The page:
Dead stars reveal the universe's background 'hum' of gravitational waves

These ripples through spacetime point to the merging of galactic supermassive black holes.

Using an array of ticking pulsars stretched across part of the Milky Way, astronomers have found the 'background hum' of gravitational waves that could be the result of merging supermassive black holes throughout the universe. This discovery could potentially open up an entirely new era of astronomy.

On September 14, 2015, at 5:51 a.m. EDT, scientists made the very first detection of gravitational waves. Tiny ripples travelling through the fabric of space-time were picked up as they passed through the Earth, which had originated from the merger of a pair of black holes, located around 1.4 billion light years away. The colossal forces the pair exerted on each other as they spiralled towards their merger warped and buckled the very fabric of the universe around them. This resulted in tiny waves — each about a thousandth the width of a proton — radiating outward at the speed of light through space-time, similar to how ripples travel along the surface of a pond. These were ultimately picked up by the Laser Interferometer Gravitational-wave Observatory (LIGO), as the gravitational waves squeezed and stretched the detector by an extremely small amount (about a thousandth of the width of a proton).

In the years since, more gravitational waves have been detected from merging stellar-mass black holes, as well as from merging neutron stars, another type of dead star slightly less massive than black holes.


The merger of two neutron stars causes space-time ripples known as gravitational waves. Credit: R. Hurt/Caltech-JPL

Now, astronomers have just announced the detection of a new class of "slowly undulating" gravitational waves. Rather than taking fractions of a second to sweep past us, like the waves produced by black hole or neutron star mergers, the gravitational waves found by the NANOgrav collaboration take years or even decades to pass through our region of space.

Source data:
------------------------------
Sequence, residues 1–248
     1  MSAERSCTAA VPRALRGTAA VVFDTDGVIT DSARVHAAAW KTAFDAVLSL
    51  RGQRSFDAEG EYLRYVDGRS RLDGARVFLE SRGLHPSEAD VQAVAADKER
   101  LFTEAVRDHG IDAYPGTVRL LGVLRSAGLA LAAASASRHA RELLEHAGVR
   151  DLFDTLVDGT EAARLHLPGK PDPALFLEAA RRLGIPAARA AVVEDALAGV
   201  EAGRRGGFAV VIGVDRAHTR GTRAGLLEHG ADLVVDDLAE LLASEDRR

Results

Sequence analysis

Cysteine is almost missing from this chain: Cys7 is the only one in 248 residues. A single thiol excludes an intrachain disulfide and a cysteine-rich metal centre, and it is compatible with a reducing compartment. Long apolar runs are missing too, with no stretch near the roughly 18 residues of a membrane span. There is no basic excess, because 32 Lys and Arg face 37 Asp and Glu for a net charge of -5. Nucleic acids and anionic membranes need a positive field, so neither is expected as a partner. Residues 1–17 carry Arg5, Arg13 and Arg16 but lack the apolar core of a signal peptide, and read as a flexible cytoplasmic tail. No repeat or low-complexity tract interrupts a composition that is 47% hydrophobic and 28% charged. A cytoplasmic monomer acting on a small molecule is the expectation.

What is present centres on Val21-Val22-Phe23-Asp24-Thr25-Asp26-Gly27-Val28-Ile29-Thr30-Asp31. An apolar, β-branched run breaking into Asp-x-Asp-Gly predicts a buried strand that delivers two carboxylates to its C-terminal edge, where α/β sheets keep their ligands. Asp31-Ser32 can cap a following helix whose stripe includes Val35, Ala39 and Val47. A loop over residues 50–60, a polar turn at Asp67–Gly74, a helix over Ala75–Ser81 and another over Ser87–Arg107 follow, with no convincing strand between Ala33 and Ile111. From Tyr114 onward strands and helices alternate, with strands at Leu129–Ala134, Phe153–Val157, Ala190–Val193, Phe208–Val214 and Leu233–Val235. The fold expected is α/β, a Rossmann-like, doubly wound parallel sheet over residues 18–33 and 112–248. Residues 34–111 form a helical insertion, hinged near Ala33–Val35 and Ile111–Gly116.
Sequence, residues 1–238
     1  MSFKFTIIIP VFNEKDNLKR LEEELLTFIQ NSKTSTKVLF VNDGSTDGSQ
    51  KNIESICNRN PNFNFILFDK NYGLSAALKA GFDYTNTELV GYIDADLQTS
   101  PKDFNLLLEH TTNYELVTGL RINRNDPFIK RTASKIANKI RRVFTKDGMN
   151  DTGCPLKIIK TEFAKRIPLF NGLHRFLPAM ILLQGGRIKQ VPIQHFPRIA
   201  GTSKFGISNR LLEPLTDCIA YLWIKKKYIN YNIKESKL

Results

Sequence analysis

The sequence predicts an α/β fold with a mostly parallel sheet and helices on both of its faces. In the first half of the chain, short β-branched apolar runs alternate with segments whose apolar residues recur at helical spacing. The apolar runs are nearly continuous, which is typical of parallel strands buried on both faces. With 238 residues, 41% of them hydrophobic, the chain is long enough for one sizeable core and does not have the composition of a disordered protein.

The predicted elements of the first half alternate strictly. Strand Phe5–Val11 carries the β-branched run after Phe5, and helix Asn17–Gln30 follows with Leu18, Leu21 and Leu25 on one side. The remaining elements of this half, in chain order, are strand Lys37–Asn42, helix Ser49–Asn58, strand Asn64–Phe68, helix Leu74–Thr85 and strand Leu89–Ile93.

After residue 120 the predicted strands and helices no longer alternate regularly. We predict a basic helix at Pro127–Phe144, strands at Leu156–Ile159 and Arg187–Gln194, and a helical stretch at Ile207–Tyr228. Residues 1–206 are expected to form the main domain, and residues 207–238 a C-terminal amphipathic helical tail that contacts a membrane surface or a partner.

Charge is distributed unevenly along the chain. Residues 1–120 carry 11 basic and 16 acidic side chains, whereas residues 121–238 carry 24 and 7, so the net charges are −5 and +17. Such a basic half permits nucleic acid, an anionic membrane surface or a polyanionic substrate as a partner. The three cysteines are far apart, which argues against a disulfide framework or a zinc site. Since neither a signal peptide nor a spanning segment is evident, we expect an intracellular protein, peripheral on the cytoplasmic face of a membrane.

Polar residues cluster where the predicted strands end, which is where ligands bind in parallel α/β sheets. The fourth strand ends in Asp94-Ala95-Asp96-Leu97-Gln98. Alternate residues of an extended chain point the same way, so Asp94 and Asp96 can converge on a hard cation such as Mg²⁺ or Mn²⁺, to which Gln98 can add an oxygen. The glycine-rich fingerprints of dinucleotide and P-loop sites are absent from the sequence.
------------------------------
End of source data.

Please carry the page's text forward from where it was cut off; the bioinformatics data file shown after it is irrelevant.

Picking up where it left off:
If previous gravitational wave detections are likened to individual musical notes in a song, these new ones would be more like a distinct 'hum' in the background.

"Now that we have evidence for gravitational waves, the next step is to use our observations to study the sources producing this hum," Dr. Sarah Vigeland, who co-led the NANOgrav collaboration from the University of Wisconsin-Milwaukee, said in a press release. "One possibility is that the signal is coming from pairs of supermassive black holes, with masses millions or billions of times the mass of our Sun. As these gigantic black holes orbit each other, they produce low-frequency gravitational waves."

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Revealed by 'cosmic clocks'

This discovery wasn't an accident. It involved very precise and extremely patient observations of a collection of pulsars for the past 10-15 years, by nearly 200 researchers and multiple telescopes around the world.

Pulsars are the super-dense, rotating remnants of dead stars. As they spin, some at thousands of times per second, they emit beams of radiation out into space that sweep around, a bit like the light emitted by a lighthouse. Each time the radiation beam from one of these pulsars sweeps across Earth, it is detected by radio telescopes, and the timing of the pulsars is so steady and well-known that they can be used as 'cosmic clocks'.